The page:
Where There’s Smoke . . .
It’s legal to light up in both Denver and Seattle this weekend, and marijuana is approved for medicinal use in some 20 states. Is it time the NFL relaxed its ban on a drug seen by many players as benign and therapeutic?
DENVER — John Fox had the floor. In a team meeting before a divisional playoff game against the Chargers, there was much to discuss. Fox’s Broncos had been in the same position a year earlier and lost to the Ravens, who went on to win the Super Bowl. No obstacle would be overlooked this time, including one new potential pitfall that came courtesy of the state of Colorado.
“I know it’s legal now,” Fox told the team, according to players in the room, “but you still can’t smoke it.”
It is the issue (other than the Broncos) on everyone’s mind in Denver: marijuana. Thanks to a state ballot initiative, as of Jan. 1 the sale of pot for recreational use is legal in Colorado. Denver is one of two NFL cities in which recreational marijuana use is now legal—Washington state passed a similar initiative, though retail shops in Seattle have yet to open. But cannabis remains on the NFL’s list of banned substances (and is still a Schedule 1 controlled substance under federal law), and Fox cautioned his players against getting in any way involved in the city’s burgeoning marijuana market. The team sent out a memo to all employees as well, reminding them of the policy against marijuana use and possession.
It makes sense that Fox and the Broncos would try to get out in front of any potential screw-ups in the middle of a playoff run, given the general consensus in league circles regarding how many players use pot. Our unscientific survey of 48 current and former players, front office execs, head and assistant coaches, agents, medical professionals and marketing professionals—all of whom either played in the NFL or work closely with NFL players—suggests that more than half of all players smoke marijuana regularly.
One agent put the number at 80%. A coach surmised 60%. A front office decision-maker said 30%. One player who retired after the 2012 season put the number of users at 70%, with 35% of players smoking every day. And one current player who doesn’t smoke guessed an even 50%. If so, that would make about 1,000 members of the league’s fluctuating player population of roughly 2,000.
Most respondents agreed that attitudes among the NFL’s youngest players towards marijuana have shifted just in the last five years. “I can’t really speak to why guys smoke, but I’m from Southern California, so it’s all around where we grew up,” says Broncos safety Omar Bolden, 25, of Ontario, Calif. “You walk outside and it smells like weed. I don’t see it as a big deal because that’s how I grew up. I’m a product of my environment.”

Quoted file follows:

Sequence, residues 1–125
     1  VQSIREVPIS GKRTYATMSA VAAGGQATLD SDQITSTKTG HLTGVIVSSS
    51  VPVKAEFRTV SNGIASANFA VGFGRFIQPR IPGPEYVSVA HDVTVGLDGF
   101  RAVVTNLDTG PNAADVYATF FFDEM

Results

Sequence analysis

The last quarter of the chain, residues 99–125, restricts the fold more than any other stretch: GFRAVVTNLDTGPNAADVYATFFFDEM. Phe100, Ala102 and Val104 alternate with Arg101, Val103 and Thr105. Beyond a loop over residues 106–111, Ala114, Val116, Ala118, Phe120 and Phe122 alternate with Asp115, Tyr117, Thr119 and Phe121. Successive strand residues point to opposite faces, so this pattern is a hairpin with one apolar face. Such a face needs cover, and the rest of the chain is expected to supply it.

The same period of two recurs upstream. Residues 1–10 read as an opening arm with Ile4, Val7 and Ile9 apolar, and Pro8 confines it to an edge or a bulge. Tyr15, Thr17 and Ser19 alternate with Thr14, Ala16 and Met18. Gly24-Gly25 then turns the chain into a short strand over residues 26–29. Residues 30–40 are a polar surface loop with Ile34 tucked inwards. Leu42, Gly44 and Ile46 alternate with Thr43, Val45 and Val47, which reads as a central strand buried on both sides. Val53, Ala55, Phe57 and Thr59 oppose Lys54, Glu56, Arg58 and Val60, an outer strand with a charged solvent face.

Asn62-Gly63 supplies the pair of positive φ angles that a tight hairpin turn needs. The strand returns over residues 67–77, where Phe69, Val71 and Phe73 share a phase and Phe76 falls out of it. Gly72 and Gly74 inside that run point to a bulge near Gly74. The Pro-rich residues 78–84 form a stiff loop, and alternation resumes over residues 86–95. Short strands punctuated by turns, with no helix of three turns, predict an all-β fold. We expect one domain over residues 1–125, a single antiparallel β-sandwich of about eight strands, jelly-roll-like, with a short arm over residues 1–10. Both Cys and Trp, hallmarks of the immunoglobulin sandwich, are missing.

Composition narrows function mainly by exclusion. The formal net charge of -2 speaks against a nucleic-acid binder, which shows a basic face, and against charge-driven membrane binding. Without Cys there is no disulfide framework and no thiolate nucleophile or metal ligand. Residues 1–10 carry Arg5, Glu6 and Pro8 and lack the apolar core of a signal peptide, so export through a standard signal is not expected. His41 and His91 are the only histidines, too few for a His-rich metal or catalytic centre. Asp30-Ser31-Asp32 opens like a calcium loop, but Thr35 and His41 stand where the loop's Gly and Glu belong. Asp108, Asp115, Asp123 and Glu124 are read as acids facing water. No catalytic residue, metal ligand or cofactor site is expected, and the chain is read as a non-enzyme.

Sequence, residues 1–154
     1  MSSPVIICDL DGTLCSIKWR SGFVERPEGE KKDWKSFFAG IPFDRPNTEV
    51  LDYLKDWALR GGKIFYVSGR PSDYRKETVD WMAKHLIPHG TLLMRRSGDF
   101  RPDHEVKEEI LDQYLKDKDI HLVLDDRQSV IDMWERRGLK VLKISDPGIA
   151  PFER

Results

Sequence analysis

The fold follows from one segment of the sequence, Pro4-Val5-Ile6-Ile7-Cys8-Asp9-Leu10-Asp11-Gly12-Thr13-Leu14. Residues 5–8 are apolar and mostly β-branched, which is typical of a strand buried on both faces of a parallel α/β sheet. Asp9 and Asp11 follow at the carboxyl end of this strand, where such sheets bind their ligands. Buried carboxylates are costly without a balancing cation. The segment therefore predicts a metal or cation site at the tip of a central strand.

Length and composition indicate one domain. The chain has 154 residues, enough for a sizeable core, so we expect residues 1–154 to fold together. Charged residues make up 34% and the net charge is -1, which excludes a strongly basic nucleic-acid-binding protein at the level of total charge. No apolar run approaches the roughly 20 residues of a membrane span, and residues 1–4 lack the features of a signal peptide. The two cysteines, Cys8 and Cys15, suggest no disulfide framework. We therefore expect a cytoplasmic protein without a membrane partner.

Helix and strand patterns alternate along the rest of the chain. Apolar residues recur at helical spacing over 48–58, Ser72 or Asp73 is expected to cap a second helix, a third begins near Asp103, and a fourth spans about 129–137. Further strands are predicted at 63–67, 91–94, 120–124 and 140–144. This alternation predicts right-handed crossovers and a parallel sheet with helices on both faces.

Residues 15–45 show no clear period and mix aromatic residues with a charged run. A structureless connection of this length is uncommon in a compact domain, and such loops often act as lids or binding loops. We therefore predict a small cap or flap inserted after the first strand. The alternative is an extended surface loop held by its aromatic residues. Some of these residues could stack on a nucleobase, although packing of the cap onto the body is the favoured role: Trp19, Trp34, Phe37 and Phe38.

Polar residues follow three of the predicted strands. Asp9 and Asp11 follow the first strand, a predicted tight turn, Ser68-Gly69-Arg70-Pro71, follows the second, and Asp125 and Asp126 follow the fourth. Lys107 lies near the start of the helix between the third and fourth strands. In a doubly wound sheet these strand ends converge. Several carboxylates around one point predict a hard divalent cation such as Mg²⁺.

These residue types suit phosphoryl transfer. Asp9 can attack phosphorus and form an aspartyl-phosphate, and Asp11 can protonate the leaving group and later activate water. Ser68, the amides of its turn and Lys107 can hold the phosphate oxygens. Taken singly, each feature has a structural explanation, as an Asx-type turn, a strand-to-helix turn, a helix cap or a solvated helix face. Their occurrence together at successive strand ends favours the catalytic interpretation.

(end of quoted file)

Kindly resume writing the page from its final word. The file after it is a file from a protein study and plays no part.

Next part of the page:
It’s not difficult to understand why players use marijuana. Despite some of the harshest penalties in American sports for a positive test (a potential four-game ban for a first offense), the NFL doesn’t conduct year-round testing for street drugs including pot. And if you’re not in its program for offenders—which does involve year-round testing—you can expect not to be tested in-season. Agents and marketing firms set their watches to that schedule. Said one agent, “I know when not to bother some of my guys because they’re on edge. It’s the time of year when they can’t smoke.”
Former safety Hamza Abdullah, who last played for the Cardinals in 2011 and spent the bulk of his career in Denver from 2005 to ’08, can recall several teammates who would regularly rush home from the facility to smoke. “There were guys who as soon as they left would say, ‘I’ve got to go smoke this or else I’m gonna go crazy,’” says Abdullah, who says he tried pot in the NFL but avoided it for the stigma. “The things you go through in the NFL are not just physical. The mental aspect is number one. A lot of guys are fighting for their job, and every week they can be cut. They take the strain of that, and about 20 to 25 guys on my teams self-medicated with marijuana.”
Research aligns with this rationale. In 2010, the University of California’s Center for Medicinal Cannabis Research, established by the California state legislature to study the efficacy and safety of medicinal marijuana, reported that there was “reasonable evidence that cannabis is a promising treatment in selected pain syndromes caused by injury or diseases of the nervous system.”
If today’s players wanted to self-medicate it would be easy enough. Denver’s dozen or so retail shops (there are medicinal dispensaries as well—prescription marijuana has been legal since 2000) inhabit basements underneath bagel stores, suburban office parks and storefronts in run-down neighborhoods in the shadow of downtown Denver. At the Denver Kush Club on Welton Street in Five Points, a glass door covered in metal bars opens up to a small waiting room where ID’s are checked (the new law strictly limits sales to those 21 and over), and the flow of customers into the store is regulated to prevent would-be thieves from rushing the counter. There are red, green and yellow “DKC” hats and shirts for sale; among the weed offerings are Island Sweet Skunk, Golden Goat, Amnesia and OG4, a DKC original. A pierced, tattooed blonde offers explanations for each of the marijuana strains behind a glass counter. A jar full of dollar bills stands next to a sign reading TIP YOUR BUDTENDERS.